The downside of torture

Philippe Sands said on ‘Fresh Air’ that Judge Garzon attempted to prosecute a couple of people that the Bush administration had tortured and that the case collapsed because the evidence, being the product of torture, was not admissable in court. Sands said this is one reason Garzon has started a criminal investigation of some of Bush’s team: they (allegedly) not only violated international law, they also made it impossible for other courts to prosecute the objects of the torture.

He also discussed the irony of the fact that Chuckie Taylor was convicted in a US court for crimes he committed in Liberia; that was possible because the crimes he committed were violations of international law. States that have signed such laws have an obligation – not permission, but an obligation – to act on such violations when they have the ability to do so. He also said he was shocked that Jay Bybee still insists that waterboarding was legal; he says Bybee is a federal judge, and US federal courts are highly respected even outside the US, and the honourable thing for Bybee to do would be to admit that in the frantic atmosphere of the time he made a mistake.

In the frantic atmosphere of the time a lot of people neglected to ask necessary questions.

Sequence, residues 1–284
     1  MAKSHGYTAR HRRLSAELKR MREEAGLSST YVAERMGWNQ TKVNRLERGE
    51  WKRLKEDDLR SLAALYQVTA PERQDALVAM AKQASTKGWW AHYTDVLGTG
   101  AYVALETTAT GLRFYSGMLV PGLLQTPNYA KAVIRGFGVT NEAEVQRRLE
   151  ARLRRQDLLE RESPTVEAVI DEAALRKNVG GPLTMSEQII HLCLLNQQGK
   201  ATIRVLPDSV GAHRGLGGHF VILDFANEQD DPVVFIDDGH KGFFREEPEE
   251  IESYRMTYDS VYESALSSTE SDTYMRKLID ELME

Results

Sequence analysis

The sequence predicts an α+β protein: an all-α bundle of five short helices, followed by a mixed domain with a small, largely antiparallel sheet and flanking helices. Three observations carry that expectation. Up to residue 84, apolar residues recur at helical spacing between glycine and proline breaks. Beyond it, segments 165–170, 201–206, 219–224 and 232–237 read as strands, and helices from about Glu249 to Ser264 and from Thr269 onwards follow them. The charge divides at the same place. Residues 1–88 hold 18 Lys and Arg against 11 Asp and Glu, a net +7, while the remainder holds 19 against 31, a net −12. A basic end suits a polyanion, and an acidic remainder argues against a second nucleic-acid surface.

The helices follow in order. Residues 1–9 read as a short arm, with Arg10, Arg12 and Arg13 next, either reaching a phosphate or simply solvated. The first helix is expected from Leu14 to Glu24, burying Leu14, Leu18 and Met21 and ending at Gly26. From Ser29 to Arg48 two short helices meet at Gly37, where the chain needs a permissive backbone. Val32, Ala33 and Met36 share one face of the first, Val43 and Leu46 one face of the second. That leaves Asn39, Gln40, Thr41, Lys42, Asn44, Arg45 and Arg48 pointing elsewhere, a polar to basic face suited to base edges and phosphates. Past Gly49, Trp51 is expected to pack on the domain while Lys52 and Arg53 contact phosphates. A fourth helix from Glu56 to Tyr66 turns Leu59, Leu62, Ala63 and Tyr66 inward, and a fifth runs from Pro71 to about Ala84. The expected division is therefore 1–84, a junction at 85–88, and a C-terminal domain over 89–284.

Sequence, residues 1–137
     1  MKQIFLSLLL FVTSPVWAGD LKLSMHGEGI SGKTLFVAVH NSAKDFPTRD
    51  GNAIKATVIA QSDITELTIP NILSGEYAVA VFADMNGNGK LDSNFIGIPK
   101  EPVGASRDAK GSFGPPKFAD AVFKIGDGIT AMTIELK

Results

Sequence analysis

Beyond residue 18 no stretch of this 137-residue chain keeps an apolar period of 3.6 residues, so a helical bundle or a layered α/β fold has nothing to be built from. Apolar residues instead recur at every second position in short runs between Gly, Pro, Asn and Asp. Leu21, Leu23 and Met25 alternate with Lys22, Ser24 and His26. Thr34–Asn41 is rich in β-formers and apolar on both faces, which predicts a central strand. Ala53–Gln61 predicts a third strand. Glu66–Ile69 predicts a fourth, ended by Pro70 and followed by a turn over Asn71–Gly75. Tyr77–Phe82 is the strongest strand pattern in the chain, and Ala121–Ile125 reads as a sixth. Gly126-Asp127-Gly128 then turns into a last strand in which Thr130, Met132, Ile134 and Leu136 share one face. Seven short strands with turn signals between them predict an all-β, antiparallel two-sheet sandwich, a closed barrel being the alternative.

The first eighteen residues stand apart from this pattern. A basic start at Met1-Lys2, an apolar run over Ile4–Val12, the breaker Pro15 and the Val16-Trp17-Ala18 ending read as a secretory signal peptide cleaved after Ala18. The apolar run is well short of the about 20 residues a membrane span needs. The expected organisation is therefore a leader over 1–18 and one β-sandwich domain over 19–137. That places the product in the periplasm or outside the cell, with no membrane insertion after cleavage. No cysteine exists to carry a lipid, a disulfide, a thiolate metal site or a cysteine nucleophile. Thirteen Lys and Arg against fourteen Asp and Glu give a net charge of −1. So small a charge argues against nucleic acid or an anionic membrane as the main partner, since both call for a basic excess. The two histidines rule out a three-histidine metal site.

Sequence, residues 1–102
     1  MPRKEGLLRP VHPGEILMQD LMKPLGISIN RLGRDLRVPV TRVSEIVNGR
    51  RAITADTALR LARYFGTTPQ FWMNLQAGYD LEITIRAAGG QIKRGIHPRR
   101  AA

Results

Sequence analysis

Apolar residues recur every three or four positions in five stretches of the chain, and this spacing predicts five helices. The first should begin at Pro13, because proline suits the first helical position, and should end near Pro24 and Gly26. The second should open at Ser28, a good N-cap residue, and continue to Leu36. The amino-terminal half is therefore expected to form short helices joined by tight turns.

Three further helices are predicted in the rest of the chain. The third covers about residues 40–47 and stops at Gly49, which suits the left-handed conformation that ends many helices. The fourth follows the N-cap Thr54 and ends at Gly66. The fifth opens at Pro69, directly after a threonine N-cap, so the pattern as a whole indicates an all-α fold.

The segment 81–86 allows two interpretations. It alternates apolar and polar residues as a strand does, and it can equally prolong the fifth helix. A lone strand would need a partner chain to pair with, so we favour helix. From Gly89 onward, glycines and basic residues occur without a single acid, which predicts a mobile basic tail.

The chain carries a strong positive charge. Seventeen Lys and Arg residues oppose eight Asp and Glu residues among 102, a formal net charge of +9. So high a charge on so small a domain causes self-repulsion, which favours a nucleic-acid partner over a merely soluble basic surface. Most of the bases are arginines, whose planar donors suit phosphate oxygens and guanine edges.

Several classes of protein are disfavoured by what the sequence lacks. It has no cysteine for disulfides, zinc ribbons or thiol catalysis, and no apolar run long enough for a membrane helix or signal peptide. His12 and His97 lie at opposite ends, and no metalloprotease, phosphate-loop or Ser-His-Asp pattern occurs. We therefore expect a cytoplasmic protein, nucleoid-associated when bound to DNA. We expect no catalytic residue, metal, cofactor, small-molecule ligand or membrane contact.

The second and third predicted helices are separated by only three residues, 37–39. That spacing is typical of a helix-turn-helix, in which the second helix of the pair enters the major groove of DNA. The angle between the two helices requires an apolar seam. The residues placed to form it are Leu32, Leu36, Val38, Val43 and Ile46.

In a series of high-level meetings in 2002, without a single dissent from cabinet members or lawmakers, the United States for the first time officially embraced the brutal methods of interrogation it had always condemned. This extraordinary consensus was possible, an examination by The New York Times shows, largely because no one involved – not the top two C.I.A. officials who were pushing the program, not the senior aides to President George W. Bush, not the leaders of the Senate and House Intelligence Committees – investigated the gruesome origins of the techniques they were approving with little debate.

And the result is…they screwed up.

The top officials [Tenet] briefed did not learn that waterboarding had been prosecuted by the United States in war-crimes trials after World War II and was a well-documented favorite of despotic governments since the Spanish Inquisition; one waterboard used under Pol Pot was even on display at the genocide museum in Cambodia.

Well that’s a distinguished legacy to be part of.

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